Reporting on pedestrian life in the D.C. area

WMATA's College Park Bike & Ride officially opens tomorrow morning

May 14, 2012 - 01:09 PM
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(Photo: WMATA)

Tomorrow WMATA will open a new bike parking facility that it calls "a first-of-its-kind" for Metro and that will be instrumental to achieving the transit agency's larger access goals for bicyclists over the next two decades. Say hello to the Bike & Ride, a secure and enclosed storage facility for more than 100 bicycles in a 2,400-square-foot room on the first level of the College Park Metro station garage.

"Initially, we plan to charge users 5 cents/hour for most of the day, and 2 cents/hour during overnight hours," WMATA's Justin Antos of the Office of Planning wrote last fall when construction was underway. "The off-peak discount is designed for customers who want to park their bike overnight as a 'station bike.' This will work out to about 50 cents/day for most commuters."

BikeLink has partnered with WMATA to help run the facility, and you can review the initial details of setting up an account here. Any bicyclist looking to use the Bike & Ride will receive a BikeLink card, and when you first use the facility, WMATA will photograph your ID for verification purposes. This one-time step costs about $5, after which you'll only have to worry about the low amounts listed above: 5 cents an hour from 8 a.m. to midnight, and 2 cents an hour other times. The facility comes with security cameras and allows you to store your bike for up to 10 days. Given D.C.'s many fears about bike thievery, the security element of a Bike & Ride seems like the best incentive.

Chocolate strawberries
(Photo: WMATA)

WMATA's Capital Improvement Program has included a myriad set of pedestrian and bicycling amenities in its plans for the next decade or so. The transit agency has set a goal of increasing its stations' bicyclist mode access to 2.1% by 2020 and 3.5% by 2030, and the Office of Planning has sought to determine the amount of bike parking necessary to accommodate these future bicyclists. The current bike mode share of stations, according to WMATA, is 0.7%, meaning WMATA hopes to triple the amount of bike access to its stations within the next eight years. Last year, the agency mapped how crowded its various bike racks became as well as data on how riders used the 1,700 bike racks at 84 of the 86 Metro stations. WMATA concluded there was space to park about 3,500 bikes at the time.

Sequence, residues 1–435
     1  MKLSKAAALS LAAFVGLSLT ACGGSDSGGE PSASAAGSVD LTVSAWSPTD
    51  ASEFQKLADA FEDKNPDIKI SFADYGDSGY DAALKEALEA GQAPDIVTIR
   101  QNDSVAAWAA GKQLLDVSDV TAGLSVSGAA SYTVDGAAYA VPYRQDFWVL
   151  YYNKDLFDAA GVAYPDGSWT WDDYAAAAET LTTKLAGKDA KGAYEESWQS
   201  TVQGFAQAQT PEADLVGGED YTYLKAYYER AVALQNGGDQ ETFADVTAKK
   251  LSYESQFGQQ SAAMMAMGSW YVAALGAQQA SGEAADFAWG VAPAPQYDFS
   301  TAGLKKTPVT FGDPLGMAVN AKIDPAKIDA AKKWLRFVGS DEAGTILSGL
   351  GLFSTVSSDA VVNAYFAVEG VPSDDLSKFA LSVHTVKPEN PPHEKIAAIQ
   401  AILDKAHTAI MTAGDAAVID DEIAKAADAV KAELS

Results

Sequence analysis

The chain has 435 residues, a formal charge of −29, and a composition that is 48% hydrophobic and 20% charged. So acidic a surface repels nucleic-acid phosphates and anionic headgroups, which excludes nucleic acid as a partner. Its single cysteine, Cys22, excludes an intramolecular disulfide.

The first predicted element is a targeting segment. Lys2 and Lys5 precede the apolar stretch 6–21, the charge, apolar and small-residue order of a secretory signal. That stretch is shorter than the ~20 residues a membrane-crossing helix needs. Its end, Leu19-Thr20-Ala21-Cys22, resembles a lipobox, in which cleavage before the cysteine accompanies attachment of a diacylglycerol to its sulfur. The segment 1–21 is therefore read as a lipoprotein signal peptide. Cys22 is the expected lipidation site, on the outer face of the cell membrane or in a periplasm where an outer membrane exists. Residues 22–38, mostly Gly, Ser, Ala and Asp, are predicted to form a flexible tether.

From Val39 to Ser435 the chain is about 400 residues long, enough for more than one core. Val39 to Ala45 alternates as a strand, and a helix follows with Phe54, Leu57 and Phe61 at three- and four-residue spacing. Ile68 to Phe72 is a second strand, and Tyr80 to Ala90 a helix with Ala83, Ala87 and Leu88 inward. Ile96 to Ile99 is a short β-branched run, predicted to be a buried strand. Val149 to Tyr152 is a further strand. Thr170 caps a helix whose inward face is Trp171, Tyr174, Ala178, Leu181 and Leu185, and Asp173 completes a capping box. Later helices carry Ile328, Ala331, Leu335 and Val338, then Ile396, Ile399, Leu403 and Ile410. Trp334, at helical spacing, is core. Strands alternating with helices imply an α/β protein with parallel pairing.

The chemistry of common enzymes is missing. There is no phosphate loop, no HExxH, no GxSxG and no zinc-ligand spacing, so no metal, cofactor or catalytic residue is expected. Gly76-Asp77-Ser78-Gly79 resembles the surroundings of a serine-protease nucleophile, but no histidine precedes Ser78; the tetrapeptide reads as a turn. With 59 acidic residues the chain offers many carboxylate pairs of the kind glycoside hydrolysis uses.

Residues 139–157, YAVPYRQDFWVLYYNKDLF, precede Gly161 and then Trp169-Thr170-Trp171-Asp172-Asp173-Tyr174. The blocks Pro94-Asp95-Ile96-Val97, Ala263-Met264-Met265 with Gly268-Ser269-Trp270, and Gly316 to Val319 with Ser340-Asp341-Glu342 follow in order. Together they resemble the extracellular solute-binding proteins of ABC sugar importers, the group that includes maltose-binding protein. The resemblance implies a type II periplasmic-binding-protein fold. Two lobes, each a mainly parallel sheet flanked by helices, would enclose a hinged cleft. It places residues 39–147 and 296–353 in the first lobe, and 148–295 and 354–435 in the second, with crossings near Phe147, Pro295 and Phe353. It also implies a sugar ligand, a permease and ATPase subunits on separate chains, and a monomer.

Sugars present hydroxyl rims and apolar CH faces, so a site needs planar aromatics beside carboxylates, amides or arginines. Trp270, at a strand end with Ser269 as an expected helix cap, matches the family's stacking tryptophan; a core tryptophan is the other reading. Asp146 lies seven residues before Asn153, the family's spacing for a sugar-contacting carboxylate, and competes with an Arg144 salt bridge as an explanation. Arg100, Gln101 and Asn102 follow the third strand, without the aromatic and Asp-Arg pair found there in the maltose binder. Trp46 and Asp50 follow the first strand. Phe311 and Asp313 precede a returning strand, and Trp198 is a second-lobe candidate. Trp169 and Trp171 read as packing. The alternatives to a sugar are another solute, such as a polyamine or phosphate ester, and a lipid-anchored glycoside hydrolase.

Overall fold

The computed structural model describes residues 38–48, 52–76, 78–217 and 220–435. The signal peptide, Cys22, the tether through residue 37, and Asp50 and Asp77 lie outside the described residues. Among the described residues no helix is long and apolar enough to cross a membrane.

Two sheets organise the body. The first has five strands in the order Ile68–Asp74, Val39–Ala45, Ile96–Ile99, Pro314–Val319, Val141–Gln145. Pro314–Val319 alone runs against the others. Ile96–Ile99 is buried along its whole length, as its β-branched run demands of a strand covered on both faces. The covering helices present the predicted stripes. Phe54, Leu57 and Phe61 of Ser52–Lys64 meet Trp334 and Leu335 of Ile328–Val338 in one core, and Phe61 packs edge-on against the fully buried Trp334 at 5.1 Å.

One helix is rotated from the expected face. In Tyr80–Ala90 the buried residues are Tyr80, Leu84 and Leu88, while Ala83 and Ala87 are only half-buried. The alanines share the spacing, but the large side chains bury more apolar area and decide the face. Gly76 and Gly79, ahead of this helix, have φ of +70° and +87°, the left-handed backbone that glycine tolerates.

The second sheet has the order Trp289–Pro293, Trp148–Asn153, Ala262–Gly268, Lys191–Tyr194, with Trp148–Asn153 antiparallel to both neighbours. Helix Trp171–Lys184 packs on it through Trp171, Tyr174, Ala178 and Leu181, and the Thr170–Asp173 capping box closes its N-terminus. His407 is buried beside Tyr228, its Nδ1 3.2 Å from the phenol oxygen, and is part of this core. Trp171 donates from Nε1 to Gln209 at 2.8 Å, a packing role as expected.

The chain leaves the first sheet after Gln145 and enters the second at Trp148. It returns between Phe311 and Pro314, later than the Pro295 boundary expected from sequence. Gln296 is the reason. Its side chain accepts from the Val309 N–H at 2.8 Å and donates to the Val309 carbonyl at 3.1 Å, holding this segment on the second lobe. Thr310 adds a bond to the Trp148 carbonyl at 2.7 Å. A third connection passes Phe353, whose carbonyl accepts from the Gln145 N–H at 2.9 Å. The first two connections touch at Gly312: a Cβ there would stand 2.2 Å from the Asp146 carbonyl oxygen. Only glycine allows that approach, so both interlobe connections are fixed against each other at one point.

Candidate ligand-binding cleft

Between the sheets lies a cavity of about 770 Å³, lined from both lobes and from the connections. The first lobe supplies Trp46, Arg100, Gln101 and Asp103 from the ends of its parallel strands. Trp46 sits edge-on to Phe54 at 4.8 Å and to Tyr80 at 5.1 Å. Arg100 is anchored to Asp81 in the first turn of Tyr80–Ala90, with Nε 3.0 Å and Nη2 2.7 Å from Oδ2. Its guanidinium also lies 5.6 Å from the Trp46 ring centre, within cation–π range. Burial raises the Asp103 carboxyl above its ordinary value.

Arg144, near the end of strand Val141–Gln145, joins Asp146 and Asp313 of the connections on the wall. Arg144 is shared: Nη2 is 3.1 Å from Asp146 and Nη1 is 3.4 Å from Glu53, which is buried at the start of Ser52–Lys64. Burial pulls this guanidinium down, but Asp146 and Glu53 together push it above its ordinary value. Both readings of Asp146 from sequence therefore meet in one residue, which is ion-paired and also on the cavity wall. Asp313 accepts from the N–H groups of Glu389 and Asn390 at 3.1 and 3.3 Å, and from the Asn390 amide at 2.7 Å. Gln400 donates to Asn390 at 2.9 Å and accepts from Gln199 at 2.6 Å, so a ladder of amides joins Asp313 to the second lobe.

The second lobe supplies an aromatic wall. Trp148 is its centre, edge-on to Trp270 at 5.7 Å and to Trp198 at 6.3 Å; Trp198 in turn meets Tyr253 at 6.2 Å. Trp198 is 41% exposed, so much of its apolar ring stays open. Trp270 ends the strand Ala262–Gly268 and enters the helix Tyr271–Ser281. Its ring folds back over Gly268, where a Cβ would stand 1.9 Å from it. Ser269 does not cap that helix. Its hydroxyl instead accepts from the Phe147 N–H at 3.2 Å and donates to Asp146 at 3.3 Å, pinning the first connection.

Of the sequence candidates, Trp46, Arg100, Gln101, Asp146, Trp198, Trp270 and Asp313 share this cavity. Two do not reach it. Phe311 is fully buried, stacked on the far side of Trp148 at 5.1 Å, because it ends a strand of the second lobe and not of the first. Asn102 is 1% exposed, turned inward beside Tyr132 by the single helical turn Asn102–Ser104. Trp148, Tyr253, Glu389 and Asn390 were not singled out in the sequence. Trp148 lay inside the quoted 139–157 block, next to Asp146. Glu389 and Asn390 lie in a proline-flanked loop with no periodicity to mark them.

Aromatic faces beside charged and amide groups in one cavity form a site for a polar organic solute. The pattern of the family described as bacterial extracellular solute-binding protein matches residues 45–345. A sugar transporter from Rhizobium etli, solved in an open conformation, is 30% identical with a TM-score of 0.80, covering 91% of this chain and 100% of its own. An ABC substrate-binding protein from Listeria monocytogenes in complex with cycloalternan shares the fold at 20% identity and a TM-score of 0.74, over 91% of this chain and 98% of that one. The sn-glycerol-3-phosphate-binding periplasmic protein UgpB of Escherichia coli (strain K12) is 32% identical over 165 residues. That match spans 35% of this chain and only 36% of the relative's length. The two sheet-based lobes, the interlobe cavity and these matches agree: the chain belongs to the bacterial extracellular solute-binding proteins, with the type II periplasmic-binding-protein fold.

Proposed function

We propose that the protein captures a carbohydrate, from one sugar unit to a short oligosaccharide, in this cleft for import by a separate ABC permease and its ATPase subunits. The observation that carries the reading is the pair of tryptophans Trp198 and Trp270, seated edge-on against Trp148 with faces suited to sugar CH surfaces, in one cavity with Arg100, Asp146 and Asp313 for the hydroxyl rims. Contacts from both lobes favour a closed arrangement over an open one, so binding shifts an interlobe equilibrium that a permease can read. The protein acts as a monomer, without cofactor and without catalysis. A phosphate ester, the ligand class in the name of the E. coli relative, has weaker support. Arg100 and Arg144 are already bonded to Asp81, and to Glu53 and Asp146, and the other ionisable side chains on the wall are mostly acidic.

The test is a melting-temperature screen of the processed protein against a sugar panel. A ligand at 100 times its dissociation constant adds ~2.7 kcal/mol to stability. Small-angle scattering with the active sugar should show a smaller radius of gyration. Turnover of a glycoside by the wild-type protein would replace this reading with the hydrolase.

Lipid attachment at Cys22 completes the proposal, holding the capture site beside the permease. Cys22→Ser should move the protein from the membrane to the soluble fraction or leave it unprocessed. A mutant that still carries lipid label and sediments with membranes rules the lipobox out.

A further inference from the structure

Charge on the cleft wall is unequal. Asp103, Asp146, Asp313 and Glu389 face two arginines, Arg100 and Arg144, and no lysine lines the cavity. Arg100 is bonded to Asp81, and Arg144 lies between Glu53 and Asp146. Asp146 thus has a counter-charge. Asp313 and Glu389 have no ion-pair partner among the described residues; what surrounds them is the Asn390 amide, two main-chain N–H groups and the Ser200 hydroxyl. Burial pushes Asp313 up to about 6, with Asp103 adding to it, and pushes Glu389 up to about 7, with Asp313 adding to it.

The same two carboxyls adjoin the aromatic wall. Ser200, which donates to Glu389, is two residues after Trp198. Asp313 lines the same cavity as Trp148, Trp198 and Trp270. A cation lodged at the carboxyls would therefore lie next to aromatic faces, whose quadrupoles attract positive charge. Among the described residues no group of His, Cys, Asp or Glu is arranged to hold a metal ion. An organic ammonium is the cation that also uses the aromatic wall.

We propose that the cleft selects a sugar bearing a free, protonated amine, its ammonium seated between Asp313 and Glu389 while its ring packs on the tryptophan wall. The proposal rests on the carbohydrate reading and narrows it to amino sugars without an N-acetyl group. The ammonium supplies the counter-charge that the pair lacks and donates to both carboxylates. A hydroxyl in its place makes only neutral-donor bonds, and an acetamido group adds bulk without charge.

To reach its future access goals, WMATA hopes to add significant bike parking capacity — 4,308 additional bike parking spaces by 2020 to reach an access goal of 2.1%. WMATA has already identified 400 possible locations and plans to achieve nearly double that capacity, 8,200 bike parking spaces, which would include 30 of these Bike & Ride facilities accounting for 1,508 of the new bike parking spaces. The majority of identified new capacity would come from covered inverted U-racks. "These locations include recommended equipment types, capacity achieved, dimensions of the space to be used and geo-tagged photographs," WMATA's Office of Planning notes. "These features also include cover recommendations, security ratings, convenience ratings, and factors that may impact the cost of installation." WMATA is still struggling to identify how to fund all these initiatives and only is able to fund about a quarter of the Bike & Ride plans as of now. The total cost for these new centers comes to about $1.6 million. WMATA has, meanwhile, sought to increase its access in other ways in 2012. Geoff Hatchard recently observed how the transit agency upped its bike parking at the NoMa Metro station in recent months.

And now here's our first Bike & Ride center. Users tested it out over the past month, and within 24 hours, the facility will be open to the public. Tomorrow WMATA will hold a ribbon cutting at 10 a.m. with the mayors of Greenbelt, College Park, WMATA Deputy General Manager Carol Kissal, and Shane Farthing of the Washington Area Bicyclists Assocation. The debut represents a key commitment to multi-modal transportation in the region and hints at broader, longer-term strategies that may prove vital to how we get around the District and beyond.

Update, 2:33 p.m.: Here's a WMATA brochure and, below, a bicyclist's video of the new facility if you want a better sense of the Bike & Ride.

Update, 2:10 p.m., May 15: WMATA has released its own video, starring Antos, to guide people through the Bike & Ride, and announces that such secure bike parking facilities will also be built at the King Street and Vienna Metro stations by next summer.

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